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  • Ambiguous Situation: The novel ends with March trapped in a standoff at the former site of Auschwitz, surrounded by Gestapo agents. As he draws his weapon, he imagines Charlie successfully managing to deliver the evidence to the US, though even he admits it's an unlikely possibility.
  • Animal Motifs: Xavier is compared to a fox by the narrator, who also says that he doesn't run with the (wolf) pack (and groups of submarines are also called wolf packs. Xavier and Max were on subs during World War 2). Max is compared to a bear.
  • Asshole Victim: Doesn't get much worse than the people who engineered the Holocaust.
  • Awful Truth: March learns the truth about the Jews “resettled east”.
  • Batman Gambit: Krebs, Nebe, and Max act as though they are helping March escape, in hopes that he will lead them to Charlie. It doesn't work.
  • Be Careful What You Wish For: The Nazis get their wish of seizing large tracts of Eastern Europe and Russia for German living space. In reality, the land is poor and underdeveloped, and full of partisans waging a guerrilla war against the Germans. Millions of settlers want to return home. Nebe notes the irony: "living space that no one wants to live in".
  • Bigger Is Better: During the tour of Nazi monuments, the tour-guide makes a point of comparing everything to monuments in other countries and stressing how much bigger everything in Berlin is. It's deconstructed, however, since in his inner monologue March scathingly identifies this as merely a symptom of the culture-wide inferiority complex that Nazi society deep down suffers from.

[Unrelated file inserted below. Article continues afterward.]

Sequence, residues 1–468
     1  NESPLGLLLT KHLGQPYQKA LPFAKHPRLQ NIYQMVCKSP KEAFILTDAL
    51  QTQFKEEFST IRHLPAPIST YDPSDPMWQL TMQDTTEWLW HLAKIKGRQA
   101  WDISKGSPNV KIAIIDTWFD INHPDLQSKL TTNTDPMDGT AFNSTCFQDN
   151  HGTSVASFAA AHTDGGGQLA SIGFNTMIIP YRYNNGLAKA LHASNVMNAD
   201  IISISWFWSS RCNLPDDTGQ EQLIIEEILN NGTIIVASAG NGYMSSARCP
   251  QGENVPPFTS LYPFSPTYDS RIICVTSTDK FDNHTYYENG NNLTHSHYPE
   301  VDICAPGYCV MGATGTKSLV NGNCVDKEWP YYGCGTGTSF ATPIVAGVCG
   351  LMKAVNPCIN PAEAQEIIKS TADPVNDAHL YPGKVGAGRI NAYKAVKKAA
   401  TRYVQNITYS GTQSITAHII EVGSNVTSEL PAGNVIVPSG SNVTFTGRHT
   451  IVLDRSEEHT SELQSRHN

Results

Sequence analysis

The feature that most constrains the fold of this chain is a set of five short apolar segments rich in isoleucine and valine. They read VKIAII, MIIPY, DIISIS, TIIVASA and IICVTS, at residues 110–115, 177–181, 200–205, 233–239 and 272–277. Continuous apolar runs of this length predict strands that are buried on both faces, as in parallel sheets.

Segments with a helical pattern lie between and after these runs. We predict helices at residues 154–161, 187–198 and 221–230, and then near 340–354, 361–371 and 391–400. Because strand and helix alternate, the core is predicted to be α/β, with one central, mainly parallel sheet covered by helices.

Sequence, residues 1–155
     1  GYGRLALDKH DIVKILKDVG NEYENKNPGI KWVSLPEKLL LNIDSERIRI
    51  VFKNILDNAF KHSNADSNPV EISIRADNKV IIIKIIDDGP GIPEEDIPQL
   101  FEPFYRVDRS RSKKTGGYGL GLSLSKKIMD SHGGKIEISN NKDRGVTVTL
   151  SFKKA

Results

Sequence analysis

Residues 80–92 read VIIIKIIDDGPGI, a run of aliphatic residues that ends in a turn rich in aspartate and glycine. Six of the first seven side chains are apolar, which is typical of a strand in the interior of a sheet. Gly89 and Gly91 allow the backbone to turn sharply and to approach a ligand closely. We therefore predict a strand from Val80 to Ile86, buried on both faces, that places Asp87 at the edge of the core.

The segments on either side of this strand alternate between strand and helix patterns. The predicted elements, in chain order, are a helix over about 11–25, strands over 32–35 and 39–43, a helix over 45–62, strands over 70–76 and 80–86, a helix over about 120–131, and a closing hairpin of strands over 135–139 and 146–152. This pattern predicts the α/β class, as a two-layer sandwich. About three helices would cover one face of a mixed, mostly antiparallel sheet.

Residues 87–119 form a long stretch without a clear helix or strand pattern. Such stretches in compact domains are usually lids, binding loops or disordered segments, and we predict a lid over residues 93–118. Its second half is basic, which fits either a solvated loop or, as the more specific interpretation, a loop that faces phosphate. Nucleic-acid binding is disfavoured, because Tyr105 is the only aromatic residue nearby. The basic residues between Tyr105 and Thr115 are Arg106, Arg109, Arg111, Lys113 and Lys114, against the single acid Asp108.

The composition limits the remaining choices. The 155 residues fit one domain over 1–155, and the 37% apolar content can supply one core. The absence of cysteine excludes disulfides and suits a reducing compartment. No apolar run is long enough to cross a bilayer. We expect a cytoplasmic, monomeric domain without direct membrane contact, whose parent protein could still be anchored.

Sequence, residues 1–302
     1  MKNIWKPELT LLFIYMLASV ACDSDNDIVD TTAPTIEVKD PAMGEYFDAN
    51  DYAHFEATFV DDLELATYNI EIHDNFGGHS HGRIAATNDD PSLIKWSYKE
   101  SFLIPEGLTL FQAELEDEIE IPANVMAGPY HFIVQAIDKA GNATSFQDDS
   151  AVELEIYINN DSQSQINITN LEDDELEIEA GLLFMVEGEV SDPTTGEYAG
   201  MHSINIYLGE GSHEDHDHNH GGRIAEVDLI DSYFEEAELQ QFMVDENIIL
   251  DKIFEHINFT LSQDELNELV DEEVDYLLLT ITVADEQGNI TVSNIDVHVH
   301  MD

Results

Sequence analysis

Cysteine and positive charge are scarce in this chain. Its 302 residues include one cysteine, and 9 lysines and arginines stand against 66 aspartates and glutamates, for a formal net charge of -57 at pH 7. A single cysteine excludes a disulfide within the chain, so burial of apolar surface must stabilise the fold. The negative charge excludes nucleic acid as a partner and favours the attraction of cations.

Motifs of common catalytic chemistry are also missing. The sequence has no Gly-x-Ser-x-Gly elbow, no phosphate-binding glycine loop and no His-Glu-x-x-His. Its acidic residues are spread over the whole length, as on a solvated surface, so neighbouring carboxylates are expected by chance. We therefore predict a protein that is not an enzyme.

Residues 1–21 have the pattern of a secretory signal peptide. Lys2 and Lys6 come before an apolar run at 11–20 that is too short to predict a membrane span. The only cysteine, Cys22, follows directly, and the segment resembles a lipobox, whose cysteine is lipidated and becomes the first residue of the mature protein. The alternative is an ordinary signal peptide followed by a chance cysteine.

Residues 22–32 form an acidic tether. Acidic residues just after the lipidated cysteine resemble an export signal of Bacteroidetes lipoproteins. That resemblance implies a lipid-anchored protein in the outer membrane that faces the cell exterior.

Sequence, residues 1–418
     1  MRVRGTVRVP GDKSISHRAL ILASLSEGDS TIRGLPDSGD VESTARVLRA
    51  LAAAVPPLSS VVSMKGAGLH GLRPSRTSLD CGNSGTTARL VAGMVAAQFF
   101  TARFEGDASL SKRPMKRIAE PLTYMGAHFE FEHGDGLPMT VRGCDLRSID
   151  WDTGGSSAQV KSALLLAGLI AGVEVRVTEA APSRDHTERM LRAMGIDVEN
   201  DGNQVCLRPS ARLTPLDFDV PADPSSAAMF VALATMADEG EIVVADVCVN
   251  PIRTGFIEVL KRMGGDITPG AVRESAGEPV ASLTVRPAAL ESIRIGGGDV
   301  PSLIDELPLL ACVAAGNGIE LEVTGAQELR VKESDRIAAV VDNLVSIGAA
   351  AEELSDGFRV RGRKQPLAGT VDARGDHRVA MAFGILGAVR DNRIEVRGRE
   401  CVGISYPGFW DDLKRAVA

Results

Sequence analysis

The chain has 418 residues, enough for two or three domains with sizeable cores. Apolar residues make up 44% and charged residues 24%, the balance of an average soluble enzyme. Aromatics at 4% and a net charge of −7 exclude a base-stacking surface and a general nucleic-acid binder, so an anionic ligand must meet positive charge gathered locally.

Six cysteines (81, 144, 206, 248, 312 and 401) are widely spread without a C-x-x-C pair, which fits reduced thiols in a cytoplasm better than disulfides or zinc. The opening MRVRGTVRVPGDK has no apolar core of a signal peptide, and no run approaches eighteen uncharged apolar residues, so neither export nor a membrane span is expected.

• Bolivian Army Ending: While March's ultimate fate is not explicitly mentioned, by the end of the novel, he is trapped in a standoff at the former site of Auschwitz, surrounded by Gestapo agents. And considering that he is armed only with his handgun...
  • Boom, Headshot!: Luther’s fate.
  • Brainwashed and Crazy: What March actually thinks of his son educated by the government, although he pretends to be proud of him.
  • Can't Stop the Signal: Played with in the book, in which either Charlie makes it out of Germany with evidence of the Holocaust or March simply imagines it before dying. Played straight in the movie, where Charlie gives the evidence directly to President Kennedy, who immediately cancels the summit with Hitler.